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Screening for Autism

Written by FoundHealth.

When your child goes to the doctor for regular check-ups, the doctor will assess your child to see if he has any developmental delays. These "well-child" check-ups are typically scheduled for:

  • 9 months
  • 18 months
  • 24 or 30 months

To assess for developmental delays, the doctor will focus on your child’s social skills, language skills, and behavior. The doctor may spend time talking and playing with your child, and you will be asked questions about your child’s development.

This is a good time for you to talk openly to the doctor about any concerns that you have about how your child is growing and behaving. If your child does not seem to be developing normally or has regressed, these are of special concern and should be shared with the doctor.

Examples of tests that are used to screen for developmental delays include:

  • Ages and Stages Questionnaire
  • Parents Evaluation of Developmental Status

In addition to screening for developmental delays, the doctor may also give a screening test to check specifically for autism . These screening tools focus on the criteria for diagnosing autism that is in the American Psychiatric Association’s Diagnostic and Statistical Manual.

One test that is used is called the Checklist for Autism in Toddlers (CHAT), which is for children as young as 18 months—when autism is typically diagnosed. Some samples of the types of questions in CHAT include:

  • Does your child take interest in other children?
  • Does your child ever bring objects over to you to show you something?
  • Does your child sometimes stare at nothing or wander with no purpose?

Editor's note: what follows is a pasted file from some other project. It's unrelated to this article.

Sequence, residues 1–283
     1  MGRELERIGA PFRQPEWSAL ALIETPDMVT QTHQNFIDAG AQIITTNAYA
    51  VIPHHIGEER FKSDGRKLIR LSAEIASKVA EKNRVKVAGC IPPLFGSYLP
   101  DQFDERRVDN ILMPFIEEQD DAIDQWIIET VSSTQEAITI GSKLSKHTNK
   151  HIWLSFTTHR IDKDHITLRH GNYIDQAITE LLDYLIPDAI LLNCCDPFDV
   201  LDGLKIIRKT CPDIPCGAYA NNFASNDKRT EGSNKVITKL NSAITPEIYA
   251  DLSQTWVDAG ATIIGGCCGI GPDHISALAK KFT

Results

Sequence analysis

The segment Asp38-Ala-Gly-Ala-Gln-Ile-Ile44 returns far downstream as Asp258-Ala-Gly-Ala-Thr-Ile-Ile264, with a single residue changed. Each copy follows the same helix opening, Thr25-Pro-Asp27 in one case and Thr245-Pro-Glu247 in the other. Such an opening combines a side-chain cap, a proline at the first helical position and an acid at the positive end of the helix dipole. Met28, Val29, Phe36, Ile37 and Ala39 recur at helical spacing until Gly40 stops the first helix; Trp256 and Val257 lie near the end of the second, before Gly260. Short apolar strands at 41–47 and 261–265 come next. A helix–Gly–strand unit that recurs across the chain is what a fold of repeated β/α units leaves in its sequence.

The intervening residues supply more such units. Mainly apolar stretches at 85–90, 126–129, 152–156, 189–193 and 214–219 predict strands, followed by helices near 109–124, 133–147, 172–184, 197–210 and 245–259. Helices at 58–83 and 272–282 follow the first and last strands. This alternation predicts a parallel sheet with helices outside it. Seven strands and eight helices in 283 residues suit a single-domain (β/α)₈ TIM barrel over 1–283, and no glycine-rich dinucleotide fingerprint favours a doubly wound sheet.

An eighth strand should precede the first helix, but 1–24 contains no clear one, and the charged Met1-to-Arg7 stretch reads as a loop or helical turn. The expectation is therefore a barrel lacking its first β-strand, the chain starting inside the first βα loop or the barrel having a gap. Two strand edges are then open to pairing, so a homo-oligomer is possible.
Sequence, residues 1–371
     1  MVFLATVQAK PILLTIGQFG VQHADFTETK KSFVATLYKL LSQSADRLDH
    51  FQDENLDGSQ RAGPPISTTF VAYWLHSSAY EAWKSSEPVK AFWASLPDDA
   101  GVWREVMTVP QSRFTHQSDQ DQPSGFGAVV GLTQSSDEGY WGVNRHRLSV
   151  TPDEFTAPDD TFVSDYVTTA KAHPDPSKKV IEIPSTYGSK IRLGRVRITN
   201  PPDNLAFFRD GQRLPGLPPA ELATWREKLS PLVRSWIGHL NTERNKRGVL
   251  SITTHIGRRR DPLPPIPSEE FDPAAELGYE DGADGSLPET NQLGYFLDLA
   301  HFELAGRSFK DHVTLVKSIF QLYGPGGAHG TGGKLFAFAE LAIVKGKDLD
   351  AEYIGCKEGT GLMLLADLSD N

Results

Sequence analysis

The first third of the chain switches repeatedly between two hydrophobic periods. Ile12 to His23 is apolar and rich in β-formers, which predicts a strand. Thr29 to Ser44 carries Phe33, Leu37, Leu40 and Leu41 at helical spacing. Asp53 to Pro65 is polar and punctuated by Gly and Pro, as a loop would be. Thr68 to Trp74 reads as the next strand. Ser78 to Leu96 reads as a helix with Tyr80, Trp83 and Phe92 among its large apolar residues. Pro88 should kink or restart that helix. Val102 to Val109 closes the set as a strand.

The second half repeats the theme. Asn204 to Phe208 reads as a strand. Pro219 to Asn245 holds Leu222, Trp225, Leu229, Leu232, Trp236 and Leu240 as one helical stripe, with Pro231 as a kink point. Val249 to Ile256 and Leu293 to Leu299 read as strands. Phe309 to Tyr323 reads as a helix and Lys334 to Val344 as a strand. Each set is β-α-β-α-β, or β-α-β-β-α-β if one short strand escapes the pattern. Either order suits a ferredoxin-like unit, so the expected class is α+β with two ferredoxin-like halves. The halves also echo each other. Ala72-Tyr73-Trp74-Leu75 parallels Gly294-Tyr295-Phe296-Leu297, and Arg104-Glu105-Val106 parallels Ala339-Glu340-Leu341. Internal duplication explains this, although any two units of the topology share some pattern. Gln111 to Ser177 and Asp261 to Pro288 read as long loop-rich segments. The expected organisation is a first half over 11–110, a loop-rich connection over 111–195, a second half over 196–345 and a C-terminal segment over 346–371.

If the screening shows that your child has signs of autism, the next step would be to work with a professional who specializes in the condition. This may be a child psychologist, who will do further testing.

It is important to keep in mind that if your child is in the high-risk category, the doctor will screen him sooner for developmental delays and autism. Your child is considered high-risk if he:

  • Had a low birth weight
  • Was premature
  • Has a sibling with a developmental delay or autism



Autism spectrum disorders (pervasive developmental disorders). National Institute of Mental Health (NIMH) website. Available at: . Updated April 2008. Accessed June 23, 2008.

Behrman RE, et al. Nelson Textbook of Pediatrics. 18th ed. Philadelphia, PA: Saunders; 2007.

Centers for Disease Control and Prevention. Austism spectrum disorders (ASDs): screening and diagnosis. Centers for Disease Control and Prevention website. Available at: . Accessed September 15, 2010.

DB Modified checklist for autism in toddlers (M-CHAT) form. DB website. Available at: . Accessed September 15, 2010.

DynaMed Editorial Team. Autism spectrum disorders. EBSCO DynaMed website. Available at: . Updated September 13, 2010. Accessed September 15, 2010.

First Signs. Recommended screening tools. First Signs website. Available at: . Accessed September 15, 2010.

Goetz CG. Goetz’s Textbook of Clinical Neurology.3rd ed. Philadelphia, PA: Saunders, 2007.

Mayo Clinic. Autism: tests and diagnosis. Mayo Clinic website. Available at: . Updated May 27, 2010. Accessed September 15, 2010.

National Center on Birth Defects and Environmental Disabilities. Centers for Disease Control and Prevention website. Available at: . Accessed June 23, 2008.

Stern TA, et al. Massachusetts General Hospital Comprehensive Clinical Psychiatry. Philadelphia, PA: Mosby Elsevier; 2008.

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